Sunday Gazette-Mail from Charleston, West Virginia on May 23, 1976 · Page 84
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Sunday Gazette-Mail from Charleston, West Virginia · Page 84

Charleston, West Virginia
Issue Date:
Sunday, May 23, 1976
Page 84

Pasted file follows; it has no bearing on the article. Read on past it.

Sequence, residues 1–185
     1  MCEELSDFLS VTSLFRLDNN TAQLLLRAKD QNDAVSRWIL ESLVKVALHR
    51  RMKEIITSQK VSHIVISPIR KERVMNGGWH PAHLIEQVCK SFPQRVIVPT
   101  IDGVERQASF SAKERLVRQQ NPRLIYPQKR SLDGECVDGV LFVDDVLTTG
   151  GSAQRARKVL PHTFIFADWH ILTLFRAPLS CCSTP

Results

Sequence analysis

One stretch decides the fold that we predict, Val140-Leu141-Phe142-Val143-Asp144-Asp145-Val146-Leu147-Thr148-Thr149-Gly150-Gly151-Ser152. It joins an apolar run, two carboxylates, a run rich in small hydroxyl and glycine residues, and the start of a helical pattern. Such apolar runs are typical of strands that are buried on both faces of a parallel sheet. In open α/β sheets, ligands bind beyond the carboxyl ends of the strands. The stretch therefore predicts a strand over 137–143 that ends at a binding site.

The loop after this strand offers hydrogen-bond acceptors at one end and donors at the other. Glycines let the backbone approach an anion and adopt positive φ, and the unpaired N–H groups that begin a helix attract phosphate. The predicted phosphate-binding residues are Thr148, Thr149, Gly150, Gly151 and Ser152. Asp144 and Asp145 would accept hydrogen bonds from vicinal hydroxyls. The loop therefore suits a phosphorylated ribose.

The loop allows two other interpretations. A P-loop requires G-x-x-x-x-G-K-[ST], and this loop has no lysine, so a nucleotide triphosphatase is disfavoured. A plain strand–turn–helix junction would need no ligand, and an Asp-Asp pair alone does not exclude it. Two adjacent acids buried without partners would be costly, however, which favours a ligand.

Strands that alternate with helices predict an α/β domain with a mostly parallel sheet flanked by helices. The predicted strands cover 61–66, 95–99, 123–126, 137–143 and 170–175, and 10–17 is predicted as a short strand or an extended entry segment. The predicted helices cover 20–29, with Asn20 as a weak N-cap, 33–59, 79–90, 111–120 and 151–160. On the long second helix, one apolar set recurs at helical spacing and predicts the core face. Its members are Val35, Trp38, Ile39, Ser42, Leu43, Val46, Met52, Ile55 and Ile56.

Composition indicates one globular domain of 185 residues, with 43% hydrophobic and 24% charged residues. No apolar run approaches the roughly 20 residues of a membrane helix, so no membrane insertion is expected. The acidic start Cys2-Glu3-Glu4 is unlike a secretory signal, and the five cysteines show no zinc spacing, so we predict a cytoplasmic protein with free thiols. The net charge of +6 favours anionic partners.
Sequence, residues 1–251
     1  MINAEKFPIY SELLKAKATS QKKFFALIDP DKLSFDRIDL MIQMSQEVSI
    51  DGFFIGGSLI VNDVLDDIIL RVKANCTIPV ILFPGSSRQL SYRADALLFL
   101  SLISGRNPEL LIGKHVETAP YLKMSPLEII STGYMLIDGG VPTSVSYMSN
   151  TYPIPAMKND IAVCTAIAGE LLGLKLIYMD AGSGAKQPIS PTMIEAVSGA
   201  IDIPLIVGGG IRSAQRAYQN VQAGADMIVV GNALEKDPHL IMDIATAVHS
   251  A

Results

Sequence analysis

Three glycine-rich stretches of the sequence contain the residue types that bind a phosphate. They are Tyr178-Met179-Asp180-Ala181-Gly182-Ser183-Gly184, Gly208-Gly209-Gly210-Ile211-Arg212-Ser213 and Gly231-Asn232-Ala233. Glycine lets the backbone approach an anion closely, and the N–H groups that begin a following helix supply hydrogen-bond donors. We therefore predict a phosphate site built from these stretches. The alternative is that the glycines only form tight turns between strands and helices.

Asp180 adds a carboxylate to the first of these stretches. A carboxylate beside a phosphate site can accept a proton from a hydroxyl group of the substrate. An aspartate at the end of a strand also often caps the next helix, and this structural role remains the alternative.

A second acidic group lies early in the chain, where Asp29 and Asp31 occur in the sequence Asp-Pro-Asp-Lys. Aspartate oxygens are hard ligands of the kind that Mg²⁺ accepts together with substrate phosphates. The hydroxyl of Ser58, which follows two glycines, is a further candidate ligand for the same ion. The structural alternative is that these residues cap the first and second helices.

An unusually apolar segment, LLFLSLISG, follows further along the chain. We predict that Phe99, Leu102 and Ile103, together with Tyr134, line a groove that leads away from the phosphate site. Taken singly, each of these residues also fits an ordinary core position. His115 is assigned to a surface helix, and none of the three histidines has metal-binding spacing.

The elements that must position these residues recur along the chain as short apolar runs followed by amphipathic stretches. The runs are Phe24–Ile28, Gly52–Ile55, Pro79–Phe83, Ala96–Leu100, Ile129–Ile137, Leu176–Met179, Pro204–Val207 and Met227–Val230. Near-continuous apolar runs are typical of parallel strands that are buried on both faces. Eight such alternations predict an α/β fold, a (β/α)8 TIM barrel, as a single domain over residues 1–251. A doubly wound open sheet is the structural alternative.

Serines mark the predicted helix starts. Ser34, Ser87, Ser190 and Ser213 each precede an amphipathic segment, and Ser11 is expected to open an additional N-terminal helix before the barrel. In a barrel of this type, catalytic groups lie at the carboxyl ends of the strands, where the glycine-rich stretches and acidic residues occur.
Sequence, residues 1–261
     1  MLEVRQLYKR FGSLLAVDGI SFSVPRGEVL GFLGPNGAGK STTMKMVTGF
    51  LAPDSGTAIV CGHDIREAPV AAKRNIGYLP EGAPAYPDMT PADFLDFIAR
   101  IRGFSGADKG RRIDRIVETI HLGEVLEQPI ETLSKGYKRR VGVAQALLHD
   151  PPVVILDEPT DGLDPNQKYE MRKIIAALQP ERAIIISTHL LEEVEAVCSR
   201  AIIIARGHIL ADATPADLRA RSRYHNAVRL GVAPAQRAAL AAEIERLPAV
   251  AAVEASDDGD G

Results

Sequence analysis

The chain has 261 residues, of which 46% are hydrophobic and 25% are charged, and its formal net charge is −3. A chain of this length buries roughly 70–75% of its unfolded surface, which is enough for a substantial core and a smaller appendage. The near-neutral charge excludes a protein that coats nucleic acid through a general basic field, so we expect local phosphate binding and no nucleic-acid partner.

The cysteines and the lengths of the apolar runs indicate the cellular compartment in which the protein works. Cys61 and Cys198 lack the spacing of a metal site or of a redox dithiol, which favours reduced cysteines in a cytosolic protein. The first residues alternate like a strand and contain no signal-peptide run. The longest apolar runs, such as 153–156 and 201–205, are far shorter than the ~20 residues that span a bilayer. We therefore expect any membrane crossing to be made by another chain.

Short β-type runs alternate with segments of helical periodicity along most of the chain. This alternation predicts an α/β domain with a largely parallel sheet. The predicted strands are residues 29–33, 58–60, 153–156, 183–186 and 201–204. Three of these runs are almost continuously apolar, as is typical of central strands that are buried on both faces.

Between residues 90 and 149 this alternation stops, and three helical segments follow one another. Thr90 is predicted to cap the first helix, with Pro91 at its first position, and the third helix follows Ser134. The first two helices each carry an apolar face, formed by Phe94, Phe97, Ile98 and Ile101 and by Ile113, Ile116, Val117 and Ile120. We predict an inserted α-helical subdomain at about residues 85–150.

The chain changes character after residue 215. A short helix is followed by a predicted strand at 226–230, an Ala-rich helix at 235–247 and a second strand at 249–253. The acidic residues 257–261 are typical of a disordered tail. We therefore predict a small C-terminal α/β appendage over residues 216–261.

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I7V -May 23,1976 Sun4av Outdoor Dramas Among Nation's Best The famous feud and the birth of West Virginia live once more ... on stage at Cliffside Amphitheatre in Grandview State Park. Two noble and fearless families from the mountains of West Virginia and Kentucky reenact their differences in a two act musical written by Billy Edd Wheeler with music by Ewel Cornell. HttfirUi t .WcCoyi is total theater in nature's air-conditioned mountains of southern West Virginia. Honey in tke Rock, returns to the time of the great Civil War when brother opposed brother and father opposed son. John Morgan and bis family are just one of the thousands torn apart by the war between the states. Each man must make his own decision as to which way bis loyalties will lie. Written by Kermit Hunter with music by Ewel Cornell and Jack Kilpatrick. ffowv in tkr Rock, is filled with conflict, comedy, dance, music and romance for an evening of sparkling entertainment under the stars. A third famous and controversial story is premiering this summer in Harpers Ferry. West Virginia. Produced by Theatre Arts of West Virginia. Billy Ed Wheeler and Ewel Cornell have collaborated again on the writing of M« ftrov*. a story of the man and abolition. Three outstanding examples of outdoor theater in two remarkable amphitheatres.- HctfitUt * .VrCoyi and Honey in ikr Rock at Cliffside Amphitheatre in Grandview State Park near Beckley, and JWU Brown showing near Harpers Ferry. For Jok* Brvtcn reservations call 725-1776 or 87S-2434. Tour West Virginia and watch history unfold in the summer of 1976. ·Discover Honaker's- YOUR SUBURBAN DEALER WITH BICGER-THAN CITY-SAVINGS WE SELL The Greatest Cars Going Chrysler, Plymouth, Valiant, Duster, Scamp,! Matador, Gremlin, Hornet, Pacer, Dodge Trucks and the exciting , ,, New \\ K ft (L Swimming pool at Pipettem State Park. Photo by Gerald Ratliff. Fly-and Drive Vacations Mountain Travel Treat STOP AND SK... JACK or RICK By Col. Ralph D. Albertaule One of the sleeping giants today in the whole realm of travel investment and particularly in West Virginia is the "fly-in" facility -- the transient accommodation or resort that caters to the people who travel in private aircraft. They offer special convenience and appeal for those who fly their own airplane. Many are surprised to discover that this is no longer a small segment of the travel market. In calendar year 1973, the Federal Aviation Administration estimated the total of active general aviation aircraft at 153,540. Moreover, those traveling in their own airplanes are in a high income bracket, have more leisure time, enjoy greater mobility, and generally are considered among the most/desirable patrons for travel facilities. ' The most recent tally shows that flying for personal reasons, including recreation, is on the upswing and in 1973 private pilots , logged an estimated 21,712 hours as compared to,12,538 in 1963. Aside from private aircraft, commercial flights from major metropolitan · ; areas, two trunk carriers and three local service carriers to nine airports scattered throughout West Virginia provide another source for fly-drive tours of the state. By flying to Charleston, Huntingdon, or Parkersburg and renting a car, one has several choices of area tours. At Charleston, the State Capitol, designed by Cass Gilbert is considered one of the nation's most beautiful. The adjacent Governor's Mansion is open to the . public from 9; 30-11:30 a.m. on Fridays. . Sunrise cultural center is open daily except Mondays and holidays. Leaving Charleston on U.S. 60, the New and Gauley rivers unite to form the Kanawha at Gauley Bridge. From high atop " Gauley Mountain at Hawks Nest State ; Park, the magnificent New River Canyon = unfolds with its turbulent rapids for excit- ', ing wildwater trips. Nearby at Hawks ' Nest Lodge, visitors may ride a tram on · · an exciting trip to the bottom of the gorge. '· Babcock State Park, near Cliff top, has ; fine camping, cabins, fishing, swimming · and hiking. Huntington, West Virginia's largest city, offers Huntington Galleries with permanent and traveling exhibits. Glass tours are available in the area at Viking, Blenko at Milton, and Pilgrim at Ceredo. Also at Milton is a historic covered bridge and Morgan's Museum. An elegant buffet supper plus the live presentation of a Broadway show may be enjoyed at Mountaineer Dinner Theatre at the 1-64 Winfield Exit. A fly-drive tour of the Parkersburg area might be coupled with an overnight at North Bend State Park Lodge. Mountaineer Canoe Livery offers scenic and relaxing trips on the Hughes River from April through October. Currently being devel- oped are historic Blennerhasett Island and Mountwood Park, which will offer additional recreational facilities. Fenton Art Glass at Williamstown is another fine factory offering tours and high quality glassware. Area tours flying into Clarksburg, Fairmont or Morgantown might begin with a tour of West Virginia University's campus (available at The Mountainlair Student Center with advance reservations necessary). Vacationers, fishermen, and naturalists will enjoy Coopers Rock State Forest, and nearby Mont Chateau Lodge. Water sports are available on 14-mile Cheat Lake. Several Morgantown glass companies offer tours and factory outlets: Bailey, Gentile, Seneca, and Walcraft. Appalachian Lake at Bruceton Mills features mini-bike trails, swimming, picnicking, .and fishing. Alpine Lake is a ski resort with a woodland trail. Tygart Lake State Park at Grafton might serve as an overnight stop with visits to the International Mother's Day Shrine, Philippi's famous covered bridge, site of the first land battle of the Civil War; or Fort New Salem, a unique pioneer village at Salem College. No' tour of the Beckley-Bluefield area" would be complete without taking in the outdoor musical dramas, "Hatfields McCoys," and "Honey In The Rock/' which alternate nightly except Monday; and the Beckley Exhibition Coal Mine. Enjoy a stay at multi-million dollar Pipestem Resort which has unlimited recreational facilities, or a secluded cabin at Blueslone State Park. Side trips may be taken to historic Lewisburg and White Sulphur Springs, site of the famed The Greenbrier. An overnight stay at one of four fine state parks: Blackwater, Canaan Valley, Cacapon, or Watoga may be enjoyed on a fly-drive tour beginning in Elkins. Day trips might include the primitive beauty of Spruce Knob, highest point in the state; Dolly Sods, Seneca Rocks, Seneca, or Smoke Hole Caverns. Also of interest is a tour of Greenbank National Radio Observatory, Pearl Buck's Hillsboro, and a trip on the pass Scenic Railroad. Although the Wheeling and Martinsburg airports are not serviced-by commercial carriers, the Pittsburgh airport (Wheeling) and Washington-Baltimore airports are within easy driving time of these West Virginia cities. There are many historic attractions in the Martinsburg areajncluding the General Adam Stephen and Washington homes, Harpers Ferry National Historical Park with its ."living history" program; and Berkeley Springs, where George Washington bathed. Thoroughbred racing is of- .fered at Charles Town and Shenandoah Downs. The Wheeling area also offers racing at Wheeling Downs and Waterford Park at Chester. Outstanding recreational facili- ties are available at Oglebay Park, one of the finest municipal parks in the nation; and if you enjoy country and western music, WWVA's Jamboree USA is a must. Moundsville is the site of the Mammoth Mound and Fostoria Glass, while Viking Glass at New Martinsville also offers tours. Fly-drive vacations provide a relaxing way to visit many sections of West Virginia. Detailed circle tours of the state may be obtained by writing: Travel, West Virginia Department of Commerce, State Capitol, Charleston 25305. Your Vacation Starts at HONAKERS GARAGE· Enjov the Calvarvmen Ouortet eoch Saturdov 12 Noon to 12:30 on WKLC-AM M 3001 Soonsored bv Honokers MBMSTIIMMTONOI lUSSELTIIAXTOi Honakers 1$ located V: way between Poca * Eleanor on Route 52 (Formerly Rt. 35) or acroM Winfield Toll Bridqe-Turn Riqht and Drive 3 Miles n American Motors RED HOUSE, W.VA. PMSMSOlir 5*2111 a CHRYSLER You buy a travel trailer or camper to enjoy the carefree life, right? Then keep things carefree with a recreational vehicle loan from Kanawha Valley Bank. VACATION THIS YEAR WITH A NEW CAMPER One carefree item, a low cost loan. So you save some money right off to spend on the open road. We can fit just about any camper or trailer into just about any budget with low monthly payments. Speaking of carefree, life insurance and accident and sickness insurance are available at a small additional cost to cover your loan until age 66. Why all this? Because at Kanawha Valley Bank, we know why people buy campers and trailers. They want a taste of the carefree life. And we want to be sure it's really carefree. So when you decide to sample the carefree life, come talk to the people at Kanawha Valley Bank. Or call 348-7300. We're experts on the carefree life. BUILT TO SUIT YOU ... PRICED TO SUIT YOUR POCKET BOOK! Rtttk iKMd ts stantoi tvjrat - t IP Oci Oot OW* CHAD'S CAMPERS AMU*» L 3433 WtST W ONT AVL itllt (010 K|UTI 60) 925-335 ,NA '367 Where Capitol Crosses Lee Owteston.\Afcst Virginia Z53Z6 Two roads to the carefree life. \bur new recreational vehicle and a loan from KanawhaValley Bank.